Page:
The classic way to attack structure-borne sound transmission is to mechanically isolate different parts of the structure from each other. Kinetics Noise Control offers a resilient padding material, known as RIM, that can be used to float the floor of a room, so that there is no rigid connection to the underlying subfloor and building structure. The RIM pad is one-inch thick, and two layers of half-inch plywood are laid down on top of the RIM floating floor system. Flexible polyethylene foam Perimeter Isolation Board is run around the perimeter of the floating floor. Its main function is to keep the floating plywood floor from migrating into contact with any of the walls.
The wallboard of the room can be isolated from the studs by attaching resilient mounting clips to the studs. These mounting clips typically use some type of rubber or other elastomer to grip a metal channel and provide vibrational isolation between the wall stud and the channel (thereby breaking the rigid connection between the drywall and the studs). With the resilient side of the wall facing into the home theater, sounds produced in the home theater are more effectively isolated from the wall studs, and thus from the rest of the building structure. Companies that offer these resilient wall clips include Kinetics Noise Control, PAC International, and Acoustical Solutions.
Constrained-layer damping involves minimizing the natural resonances of panels by sandwiching a highly viscoelastic adhesive between two rigid panels (the panels might be drywall, plywood, sheet metal, or almost anything; the damping is still effective). Quiet Solution offers a line of drywall-substitute panels that use constrained-layer damping called QuietRock. The highest-performance version, QR-545, is the only wallboard certified by THX for home theaters.
Audio Alloy offers Green Glue, a viscoelastic adhesive that can be used to laminate multiple layers of drywall (or plywood for floors) to achieve the same type of constrained-layer damping.
As a dealer, unless your expertise happens to be acoustics, its important to engage the services of an acoustical engineer or other expert. This is a complex field, and it is very easy for something to go wrong or get overlooked. Careful, meticulous quality control during construction is also needed, as a single screw or nail driven in the wrong place can ruin the sound isolation capability of an expensive, elaborately engineered wall or room.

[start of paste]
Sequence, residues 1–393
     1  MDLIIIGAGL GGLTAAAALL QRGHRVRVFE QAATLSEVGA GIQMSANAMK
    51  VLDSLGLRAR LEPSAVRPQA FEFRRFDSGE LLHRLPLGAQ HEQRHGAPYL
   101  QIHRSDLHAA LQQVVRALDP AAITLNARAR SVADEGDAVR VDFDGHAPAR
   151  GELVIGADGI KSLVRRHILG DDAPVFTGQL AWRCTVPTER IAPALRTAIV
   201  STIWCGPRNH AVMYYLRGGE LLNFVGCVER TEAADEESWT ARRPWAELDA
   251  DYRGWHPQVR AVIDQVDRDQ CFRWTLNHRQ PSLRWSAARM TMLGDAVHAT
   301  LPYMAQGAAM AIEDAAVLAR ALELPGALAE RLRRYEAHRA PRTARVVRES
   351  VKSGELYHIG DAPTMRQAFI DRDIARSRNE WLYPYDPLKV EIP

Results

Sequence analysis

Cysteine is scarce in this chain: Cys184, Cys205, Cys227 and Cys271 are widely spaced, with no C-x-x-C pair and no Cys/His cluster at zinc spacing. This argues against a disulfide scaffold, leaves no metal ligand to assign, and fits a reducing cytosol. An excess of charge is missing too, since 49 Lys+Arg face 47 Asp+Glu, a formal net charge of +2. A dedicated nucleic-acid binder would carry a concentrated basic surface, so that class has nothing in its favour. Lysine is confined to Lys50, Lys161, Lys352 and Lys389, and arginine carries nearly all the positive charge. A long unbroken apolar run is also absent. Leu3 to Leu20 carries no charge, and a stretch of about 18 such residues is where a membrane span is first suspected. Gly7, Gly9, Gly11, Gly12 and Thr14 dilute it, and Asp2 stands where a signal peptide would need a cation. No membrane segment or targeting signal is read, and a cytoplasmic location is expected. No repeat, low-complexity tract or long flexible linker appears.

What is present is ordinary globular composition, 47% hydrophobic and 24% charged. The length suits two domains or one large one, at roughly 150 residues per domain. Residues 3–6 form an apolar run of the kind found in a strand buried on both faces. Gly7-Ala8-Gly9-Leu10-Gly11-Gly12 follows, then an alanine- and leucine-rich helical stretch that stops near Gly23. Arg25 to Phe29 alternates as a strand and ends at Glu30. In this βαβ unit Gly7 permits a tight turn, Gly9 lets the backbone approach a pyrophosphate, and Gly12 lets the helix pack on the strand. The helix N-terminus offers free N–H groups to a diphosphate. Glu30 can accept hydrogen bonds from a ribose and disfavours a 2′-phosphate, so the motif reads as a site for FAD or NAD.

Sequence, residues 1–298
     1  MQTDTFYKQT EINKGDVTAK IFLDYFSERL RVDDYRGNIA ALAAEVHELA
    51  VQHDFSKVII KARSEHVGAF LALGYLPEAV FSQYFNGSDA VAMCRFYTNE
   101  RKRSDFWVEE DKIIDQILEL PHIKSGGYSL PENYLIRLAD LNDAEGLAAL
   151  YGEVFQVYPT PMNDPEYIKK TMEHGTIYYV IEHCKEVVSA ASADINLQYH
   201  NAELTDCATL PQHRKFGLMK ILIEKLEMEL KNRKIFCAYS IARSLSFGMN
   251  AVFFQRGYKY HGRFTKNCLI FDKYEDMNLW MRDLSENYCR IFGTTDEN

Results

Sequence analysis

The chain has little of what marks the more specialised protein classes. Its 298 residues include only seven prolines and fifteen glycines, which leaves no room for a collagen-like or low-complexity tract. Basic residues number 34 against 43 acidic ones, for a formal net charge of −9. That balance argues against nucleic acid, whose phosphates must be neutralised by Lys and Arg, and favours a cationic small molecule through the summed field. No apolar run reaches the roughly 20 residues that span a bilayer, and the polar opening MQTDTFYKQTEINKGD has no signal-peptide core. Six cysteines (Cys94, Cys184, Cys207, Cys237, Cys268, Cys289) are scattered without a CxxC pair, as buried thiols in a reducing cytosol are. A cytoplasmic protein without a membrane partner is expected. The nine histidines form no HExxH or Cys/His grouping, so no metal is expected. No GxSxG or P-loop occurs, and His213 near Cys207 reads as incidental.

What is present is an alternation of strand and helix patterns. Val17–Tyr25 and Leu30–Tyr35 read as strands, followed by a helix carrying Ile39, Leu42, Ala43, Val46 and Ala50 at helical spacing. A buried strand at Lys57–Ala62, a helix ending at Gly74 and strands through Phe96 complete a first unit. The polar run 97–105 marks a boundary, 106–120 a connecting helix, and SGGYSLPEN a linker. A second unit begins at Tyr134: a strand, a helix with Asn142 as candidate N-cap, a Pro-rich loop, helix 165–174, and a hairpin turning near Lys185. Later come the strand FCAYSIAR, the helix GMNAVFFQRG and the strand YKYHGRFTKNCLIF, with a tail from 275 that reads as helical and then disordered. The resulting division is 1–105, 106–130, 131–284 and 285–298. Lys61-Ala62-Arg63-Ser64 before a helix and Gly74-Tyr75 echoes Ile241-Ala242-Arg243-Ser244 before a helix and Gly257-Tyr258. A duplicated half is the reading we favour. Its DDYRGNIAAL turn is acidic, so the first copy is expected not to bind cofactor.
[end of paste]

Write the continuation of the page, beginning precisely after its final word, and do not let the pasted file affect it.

There are acoustical engineers and other consultants in every state. Rives Audio markets its design services through the dealer channel. The firm offers several different levels of involvement, when delivering its services; under Level 1 and Level 2 arrangements, the local dealer provides the customer interface and does all the on-the-scene work, while Rives provides analysis, recommendations, and design review. This arrangement permits Rives to offer services for around $1,000-$1,500 per engagement for Level 1 and about $2300 per engagement for Level 2, according to Rives Audio president Richard Rives Bird. For Level 3 engagements, Rives sends staff on-site, and these engagements are typically individually quoted according to specifics of the job.
Kinetics Noise Control also performs complete engineering as well as on-site installation. Alternatively, dealers can offer the installation, provided they go through Kinetics training program.
Theres a lot to be gained from selling quiet. In this age of increasing competition from a variety of directions, including the Internet and big-box retail chains, its important to have some compelling reasons why your customers and prospects should hire you to build their home theater. Acoustical knowledge and expertise is something relatively rare and scarce. Your job is to acquire that knowledge and experience and, above all, sell your customers on the value of good acoustics and sound isolation. Make sure that they understand how important these qualities are as a key element in any real home theater.
A former loudspeaker designer, Alan R. Frank (firstname.lastname@example.org) is a freelance writer and networking consultant.